Organ Procurement and What Nurses Need to Know
As the backbone of healthcare, nurses are right there at the forefront in the process of organ procurement and transplant. Sometimes they are members or representatives of a transplant team and other times they are the unit or floor nurses involved in the education of patients, family members and even potential donors; often at the time of death under trying circumstances.
Education and open honest communication are key to successful health care, and in this instance, they may be even more important. Every day 20 Americans waiting for organ transplant will die because there was no donor. The waitlist for organ transplant continues to grow (113,000 in Jan. 2019) as does the registration list of organ donors, but the number of donors is still not keeping pace despite the fact that over 95% of Americans are in favor of transplantation. Sadly, only about 58% of adults in the U.S are registered donors and only small number (3 in 1000) actually die in a manner that allows for harvesting of their organs.
One Donor Can Save Many Lives
On a more positive note, one donor can potentially donate up to 8 vital organs and provide other organ, eye, bone marrow and tissue donations to help save or heal over 75 people according to Donate Life America. Organs that can be successfully transplanted include heart, lungs, kidney, liver, intestines, pancreas. Not all donors are deceased. Kidneys, liver, and intestines can be donated by living matched donors. The most commonly transplanted organs are the kidney, liver, heart and lungs. Those waiting for kidney transplants are the highest number on the wait list.
Donors can register online with the Department of Motor Vehicles (DMV) in their state and often through voter registration. Check with state government websites to find more information. After registering, it’s very important for donors to have a discussion with their DPOAHC (durable power of attorney for health care decisions) and family members to help ensure their wishes are carried out.
The Nurse’s Role
“Acute and critical care nurses play a central role in the organ and tissue procurement process.” First nurses have to utilize their skills at the art of nursing and develop a rapport and trust with the patient and family members as they provide safe, quality, patient-centered care. They educate the patients and family members in every aspect of restorative care and into and through end-of-life care. Nurses also support the patient and family’s wishes even if they do not choose organ donation. Emotional support is key to the art of nursing.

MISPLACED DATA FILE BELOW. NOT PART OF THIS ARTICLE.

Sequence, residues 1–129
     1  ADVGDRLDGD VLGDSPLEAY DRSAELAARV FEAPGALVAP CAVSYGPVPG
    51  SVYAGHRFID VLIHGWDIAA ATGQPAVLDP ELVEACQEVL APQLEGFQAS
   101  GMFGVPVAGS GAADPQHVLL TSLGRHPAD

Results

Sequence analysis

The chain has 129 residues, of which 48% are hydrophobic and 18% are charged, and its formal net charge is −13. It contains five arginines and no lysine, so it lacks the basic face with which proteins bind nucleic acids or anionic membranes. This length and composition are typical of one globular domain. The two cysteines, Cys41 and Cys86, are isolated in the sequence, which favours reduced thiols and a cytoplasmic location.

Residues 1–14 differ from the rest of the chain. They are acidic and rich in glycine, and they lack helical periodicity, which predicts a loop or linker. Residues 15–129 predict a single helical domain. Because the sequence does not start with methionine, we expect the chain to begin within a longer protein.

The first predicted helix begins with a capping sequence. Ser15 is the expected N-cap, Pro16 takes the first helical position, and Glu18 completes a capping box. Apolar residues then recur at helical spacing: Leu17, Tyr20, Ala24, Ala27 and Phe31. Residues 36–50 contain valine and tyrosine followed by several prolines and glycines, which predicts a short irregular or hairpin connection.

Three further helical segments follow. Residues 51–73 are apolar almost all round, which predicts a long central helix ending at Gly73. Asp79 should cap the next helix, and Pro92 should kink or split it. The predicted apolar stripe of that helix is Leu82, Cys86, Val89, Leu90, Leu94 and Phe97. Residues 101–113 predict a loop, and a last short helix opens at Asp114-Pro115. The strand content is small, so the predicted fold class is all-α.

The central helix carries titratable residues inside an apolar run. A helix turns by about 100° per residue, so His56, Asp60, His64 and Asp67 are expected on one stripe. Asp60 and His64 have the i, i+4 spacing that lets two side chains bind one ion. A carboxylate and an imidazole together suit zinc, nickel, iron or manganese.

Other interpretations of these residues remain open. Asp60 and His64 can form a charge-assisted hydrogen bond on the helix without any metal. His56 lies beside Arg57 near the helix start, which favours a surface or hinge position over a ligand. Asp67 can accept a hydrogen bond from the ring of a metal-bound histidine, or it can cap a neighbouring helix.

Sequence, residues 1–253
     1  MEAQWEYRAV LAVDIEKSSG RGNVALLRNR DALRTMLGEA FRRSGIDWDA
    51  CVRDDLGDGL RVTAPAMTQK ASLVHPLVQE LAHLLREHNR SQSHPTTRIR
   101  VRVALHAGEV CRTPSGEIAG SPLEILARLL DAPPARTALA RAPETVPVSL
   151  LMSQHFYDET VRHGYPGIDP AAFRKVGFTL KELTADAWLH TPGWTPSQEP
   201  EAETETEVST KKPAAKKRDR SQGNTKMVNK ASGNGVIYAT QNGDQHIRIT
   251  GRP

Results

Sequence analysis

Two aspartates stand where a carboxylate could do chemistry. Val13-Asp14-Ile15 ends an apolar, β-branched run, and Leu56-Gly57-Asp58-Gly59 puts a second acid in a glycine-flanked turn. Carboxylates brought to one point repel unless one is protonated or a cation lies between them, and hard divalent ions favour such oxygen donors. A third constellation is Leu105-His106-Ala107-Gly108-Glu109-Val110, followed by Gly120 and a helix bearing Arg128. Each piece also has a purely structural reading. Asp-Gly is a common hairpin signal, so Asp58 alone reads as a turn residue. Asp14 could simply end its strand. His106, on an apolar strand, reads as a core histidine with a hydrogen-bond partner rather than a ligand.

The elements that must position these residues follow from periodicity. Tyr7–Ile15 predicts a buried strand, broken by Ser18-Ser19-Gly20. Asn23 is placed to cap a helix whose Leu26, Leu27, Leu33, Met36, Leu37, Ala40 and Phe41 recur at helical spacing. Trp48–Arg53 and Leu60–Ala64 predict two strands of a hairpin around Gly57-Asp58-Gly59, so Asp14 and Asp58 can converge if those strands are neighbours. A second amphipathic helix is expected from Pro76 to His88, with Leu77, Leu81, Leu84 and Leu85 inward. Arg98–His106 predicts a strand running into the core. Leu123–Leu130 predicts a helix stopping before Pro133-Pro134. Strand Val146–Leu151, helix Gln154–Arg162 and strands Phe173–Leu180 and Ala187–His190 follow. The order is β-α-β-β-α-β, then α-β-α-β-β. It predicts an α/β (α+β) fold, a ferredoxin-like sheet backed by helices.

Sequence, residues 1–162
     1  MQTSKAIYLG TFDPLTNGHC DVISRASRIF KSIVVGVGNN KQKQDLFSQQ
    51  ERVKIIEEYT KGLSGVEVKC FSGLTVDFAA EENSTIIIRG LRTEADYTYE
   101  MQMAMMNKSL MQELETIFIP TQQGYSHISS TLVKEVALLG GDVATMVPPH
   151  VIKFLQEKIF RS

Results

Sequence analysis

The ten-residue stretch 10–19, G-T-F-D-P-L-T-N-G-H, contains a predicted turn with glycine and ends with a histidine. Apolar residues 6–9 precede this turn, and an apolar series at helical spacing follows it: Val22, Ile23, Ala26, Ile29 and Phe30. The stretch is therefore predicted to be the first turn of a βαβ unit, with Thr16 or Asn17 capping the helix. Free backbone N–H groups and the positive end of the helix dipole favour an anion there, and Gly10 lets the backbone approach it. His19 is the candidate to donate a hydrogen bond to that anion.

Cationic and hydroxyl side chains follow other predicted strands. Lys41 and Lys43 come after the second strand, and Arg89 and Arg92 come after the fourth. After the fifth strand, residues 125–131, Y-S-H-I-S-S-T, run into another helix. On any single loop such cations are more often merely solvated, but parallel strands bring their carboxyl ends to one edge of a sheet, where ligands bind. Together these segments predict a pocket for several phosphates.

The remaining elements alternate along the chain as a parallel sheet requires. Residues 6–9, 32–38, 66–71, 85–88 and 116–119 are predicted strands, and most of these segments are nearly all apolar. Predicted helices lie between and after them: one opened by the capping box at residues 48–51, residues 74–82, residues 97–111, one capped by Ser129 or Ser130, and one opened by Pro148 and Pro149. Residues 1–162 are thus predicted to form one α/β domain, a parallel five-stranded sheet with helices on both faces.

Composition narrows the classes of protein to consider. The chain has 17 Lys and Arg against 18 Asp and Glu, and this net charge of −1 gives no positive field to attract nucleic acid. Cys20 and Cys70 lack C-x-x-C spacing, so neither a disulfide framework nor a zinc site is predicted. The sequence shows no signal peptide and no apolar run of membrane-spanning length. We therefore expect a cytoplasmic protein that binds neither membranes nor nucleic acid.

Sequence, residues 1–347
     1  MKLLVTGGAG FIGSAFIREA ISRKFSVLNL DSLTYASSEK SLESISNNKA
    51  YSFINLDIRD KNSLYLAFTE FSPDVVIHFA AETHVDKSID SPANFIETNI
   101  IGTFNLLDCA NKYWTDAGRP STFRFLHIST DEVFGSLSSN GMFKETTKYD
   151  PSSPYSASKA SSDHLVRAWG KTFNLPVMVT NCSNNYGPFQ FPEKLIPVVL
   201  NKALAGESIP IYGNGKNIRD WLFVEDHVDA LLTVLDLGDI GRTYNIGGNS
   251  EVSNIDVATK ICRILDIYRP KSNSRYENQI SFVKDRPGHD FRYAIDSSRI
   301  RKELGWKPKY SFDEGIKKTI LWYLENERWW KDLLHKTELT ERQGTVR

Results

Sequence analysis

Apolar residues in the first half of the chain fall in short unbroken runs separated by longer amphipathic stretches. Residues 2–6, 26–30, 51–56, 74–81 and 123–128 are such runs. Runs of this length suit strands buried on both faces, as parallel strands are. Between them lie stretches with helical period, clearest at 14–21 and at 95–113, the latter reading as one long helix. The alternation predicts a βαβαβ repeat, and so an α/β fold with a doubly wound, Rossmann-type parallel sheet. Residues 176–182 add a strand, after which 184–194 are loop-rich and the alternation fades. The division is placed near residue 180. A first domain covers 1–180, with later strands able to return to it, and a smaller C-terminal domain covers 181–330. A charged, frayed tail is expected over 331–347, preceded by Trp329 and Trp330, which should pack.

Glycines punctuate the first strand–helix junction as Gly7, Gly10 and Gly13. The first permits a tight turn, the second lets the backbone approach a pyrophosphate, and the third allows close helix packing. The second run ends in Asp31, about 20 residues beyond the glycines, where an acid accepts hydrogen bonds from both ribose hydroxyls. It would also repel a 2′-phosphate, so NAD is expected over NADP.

Then nurses play several roles in the process of organ procurement including:
- Identification of potential organ donor
- Obtain consent and support the family (one of the most important nursing roles)
- Maintaining the patient in a manner that allows for retrieval
- Successful retrieval, storage and transport of the organ(s)
Once the nurse has identified a potential donor and notified the transplant team, supporting the patient and family through the end-of-life process becomes a major focus. Death may come by means of a cardiac event, or by being declared brain dead. Brain death is usually the result of traumatic brain injury, stroke, or brain tumor. The brain swells, cells die and neurological function ceases. Once it’s determined this has gone beyond a point of no-return the patient is declared brain dead even if cardiac function continues. Cardiac death occurs when the heart stops beating and circulation and oxygenation cease.
At this point, successful organ retrieval is reliant on placing the patient on mechanical life support to maintain oxygenation and blood flow until procurement can begin. Supporting the family through this part of the process takes a turn towards helping them understand that their loved one has passed, and this is just a mechanical process to keep the organs viable until they can be harvested. Understandably, family may feel a sense of hope for revival. It’s important explain that isn’t going to happen, but that this gift of organs and tissue will help heal and save multiple lives.
Organ transplant can also be a process using a live donor. This is usually limited to organs such as a kidney or part of a liver. Medical science may soon take us into the realm of partial pancreas transplants or tissue donation. Bone marrow is also a live donor transplant process.
In the live process, nurses are involved in the direct patient-centered care of recipients as well as donors. Patient education in risks and informed consent are key issues.
Patient education and dispelling myths are also part of the role nurses play in the transplant process. Donors don’t need to worry about pre-existing diseases, age, or costs. They can continue to sign up to be donors and at their time of death, transplant teams will determine the possibilities. Even if organs cannot be transplanted, corneas, skin and other tissue may be deemed to be quite useful and there are no costs to the donor.